The reason I am so careful about not flipping is that the bay I sail in is only chest deep all the way across, and most of it is less then waist deep. It is a mile wide and 4 miles long. On the plus side it is all nice sandy bottom, good steady wind, and flat.

I am afraid that I will stick the mast, boom, or even a hull.

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1979 Hobie 16 "Orange Crusher"
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PostPosted: Fri Apr 06, 2012 1:29 pm 
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Location: San Diego
That sucks its so shallow cause I bet it gets really warm and it would be fun to wipe out in such warm water. Its nice you don't have dagger boards to destroy you boat when you hit sandbars.

I just recently wet sanded and waxed my dagger boards and they were so slippery they would not stay in the up position easy, they felt like handling ice sheets. It was tough to land on the beach single handed.

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Sail # 10505 or 277
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PostPosted: Sat Apr 07, 2012 10:06 am 
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Location: Panama City Beach, FL
One problem with doing a pitchpole in shallow water is you can drive a bow into the bottom which can put quite a stress on your boat's frame.

Several years ago I was on a screaming broad reach towards my beach, trying to keep my leeward bow from submerging when my rudders hit bottom, it was enough of a lift of the stern, that my bow went under and then I pitchpoled in about 30" of water. The bow hit the bottom and the boat pivoted forward. As a result, it caused a crack in the fiberglass boot around one of the rear pylons.
My friends were impressed with my pitchpole, but I knew that I needed to call it a day and get it repaired.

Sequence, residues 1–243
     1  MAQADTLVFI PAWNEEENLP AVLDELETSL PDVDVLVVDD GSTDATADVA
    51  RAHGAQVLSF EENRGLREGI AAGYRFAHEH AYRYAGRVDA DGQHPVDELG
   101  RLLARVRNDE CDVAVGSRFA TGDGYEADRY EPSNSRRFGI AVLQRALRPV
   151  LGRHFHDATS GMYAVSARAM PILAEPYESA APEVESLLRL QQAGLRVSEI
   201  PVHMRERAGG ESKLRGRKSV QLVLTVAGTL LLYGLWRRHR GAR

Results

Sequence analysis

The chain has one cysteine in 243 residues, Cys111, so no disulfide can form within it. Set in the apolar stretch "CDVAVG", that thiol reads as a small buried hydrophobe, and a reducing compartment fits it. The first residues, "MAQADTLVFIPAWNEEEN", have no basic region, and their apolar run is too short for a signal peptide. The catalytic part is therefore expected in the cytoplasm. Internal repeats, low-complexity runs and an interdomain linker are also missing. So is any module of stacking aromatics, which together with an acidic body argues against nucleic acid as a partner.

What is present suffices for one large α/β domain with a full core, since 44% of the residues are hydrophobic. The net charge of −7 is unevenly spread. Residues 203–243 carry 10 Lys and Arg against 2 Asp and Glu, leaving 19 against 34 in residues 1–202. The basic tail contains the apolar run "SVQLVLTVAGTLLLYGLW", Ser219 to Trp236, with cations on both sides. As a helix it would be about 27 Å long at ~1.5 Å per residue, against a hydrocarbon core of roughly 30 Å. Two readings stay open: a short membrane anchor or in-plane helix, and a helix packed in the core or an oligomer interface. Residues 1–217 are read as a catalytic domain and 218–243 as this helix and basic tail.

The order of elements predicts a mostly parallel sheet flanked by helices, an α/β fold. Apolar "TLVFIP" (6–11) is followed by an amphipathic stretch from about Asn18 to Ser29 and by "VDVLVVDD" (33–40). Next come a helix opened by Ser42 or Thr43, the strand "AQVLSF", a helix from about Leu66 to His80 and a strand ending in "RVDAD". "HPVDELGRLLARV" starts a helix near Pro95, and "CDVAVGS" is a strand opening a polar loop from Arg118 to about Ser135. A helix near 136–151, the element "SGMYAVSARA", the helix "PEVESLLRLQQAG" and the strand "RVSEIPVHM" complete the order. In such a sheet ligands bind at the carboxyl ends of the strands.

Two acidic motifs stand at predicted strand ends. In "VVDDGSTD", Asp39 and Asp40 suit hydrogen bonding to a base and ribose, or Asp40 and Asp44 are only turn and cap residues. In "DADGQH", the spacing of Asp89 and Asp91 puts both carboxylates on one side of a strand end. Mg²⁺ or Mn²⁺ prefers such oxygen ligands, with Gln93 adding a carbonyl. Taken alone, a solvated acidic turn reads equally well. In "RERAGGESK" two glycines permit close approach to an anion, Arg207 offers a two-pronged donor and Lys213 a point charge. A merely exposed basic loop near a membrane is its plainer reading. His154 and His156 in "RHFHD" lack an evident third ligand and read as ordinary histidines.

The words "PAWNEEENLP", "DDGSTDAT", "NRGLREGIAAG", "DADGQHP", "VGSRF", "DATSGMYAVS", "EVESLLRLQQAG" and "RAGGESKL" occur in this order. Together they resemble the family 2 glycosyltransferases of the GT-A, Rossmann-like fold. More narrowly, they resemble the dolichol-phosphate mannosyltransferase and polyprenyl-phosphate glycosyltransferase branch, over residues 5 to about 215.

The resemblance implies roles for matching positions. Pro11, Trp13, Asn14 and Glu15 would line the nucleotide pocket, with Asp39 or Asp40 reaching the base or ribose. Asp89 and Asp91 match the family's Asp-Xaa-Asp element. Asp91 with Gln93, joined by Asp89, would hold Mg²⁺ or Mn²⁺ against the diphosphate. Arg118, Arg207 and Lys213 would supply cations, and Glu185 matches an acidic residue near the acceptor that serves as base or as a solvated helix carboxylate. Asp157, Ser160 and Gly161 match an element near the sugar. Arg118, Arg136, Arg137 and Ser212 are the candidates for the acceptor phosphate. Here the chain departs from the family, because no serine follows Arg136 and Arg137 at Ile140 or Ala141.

The following video shows a great pitchpole in a shallow canal:
NISSAN HOBIE CAT PRO TEAM SUR LE CANAL DES SAINTES 2005

http://www.youtube.com/watch?v=CJQqRZvniRY

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PostPosted: Mon Apr 09, 2012 6:25 am 
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jmecky wrote:
If I weigh 235 and Im walking on bottom inside hull trying to grab the righting line I'm worried my weight will damage the fiberglass sandwich. Will it?

Please tell me they will handle that no problem. I just did a bottom job with 2 layers of glass. So the hulls have no soft or thin spots.


Mecky, With no soft spots you should be totally fine. I'm 225# and I've had my 18 on her side several times with no issues (except for being able to solo right the boat and I built a righting pole for that). Avoid standing on the daggerboards and walk gingerly on those hulls because they can be *very* slippery.


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PostPosted: Mon Apr 09, 2012 7:07 am 
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Location: Jersey Shore
Quote:
Avoid standing on the daggerboards and walk gingerly on those hulls because they can be *very* slippery.


Actually the daggerboards and daggerboard trunks are one of the strongest areas of the hull. You can stand on the daggerboards to get a little extra leverage while righting (I wouldn't go out on the tip of them, but it won't hurt to stand on them right where they exit the hull).

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PostPosted: Tue Apr 10, 2012 12:57 pm 
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Location: Harsens Island, Michigan
jmecky wrote:
That sucks its so shallow cause I bet it gets really warm and it would be fun to wipe out in such warm water. Its nice you don't have dagger boards to destroy you boat when you hit sandbars.

I just recently wet sanded and waxed my dagger boards and they were so slippery they would not stay in the up position easy, they felt like handling ice sheets. It was tough to land on the beach single handed.


Yes, it got up to 85 degrees in the bay last summer! It is great to dangle a foot in the water while running. Once I get out of the bay it gets deeper, with maybe an average of 15' and some spots over 20'. I am not worried about a pitchpole in the deeper water, other than getting the mast stuck in the bottom.

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1979 Hobie 16 "Orange Crusher"
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PostPosted: Fri Apr 13, 2012 5:20 pm 
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If you do use the daggerboard to right the boat, make sure that your toes are on the hull and your heels on the daggerboard. If the daggerboard does slide back inside, you do not want to get your toes caught there.

Sealing the mast is a time consuming and slightly difficult job. But is imperative if you sail solo and/or offshore. Same importance as hull plugs/bungs.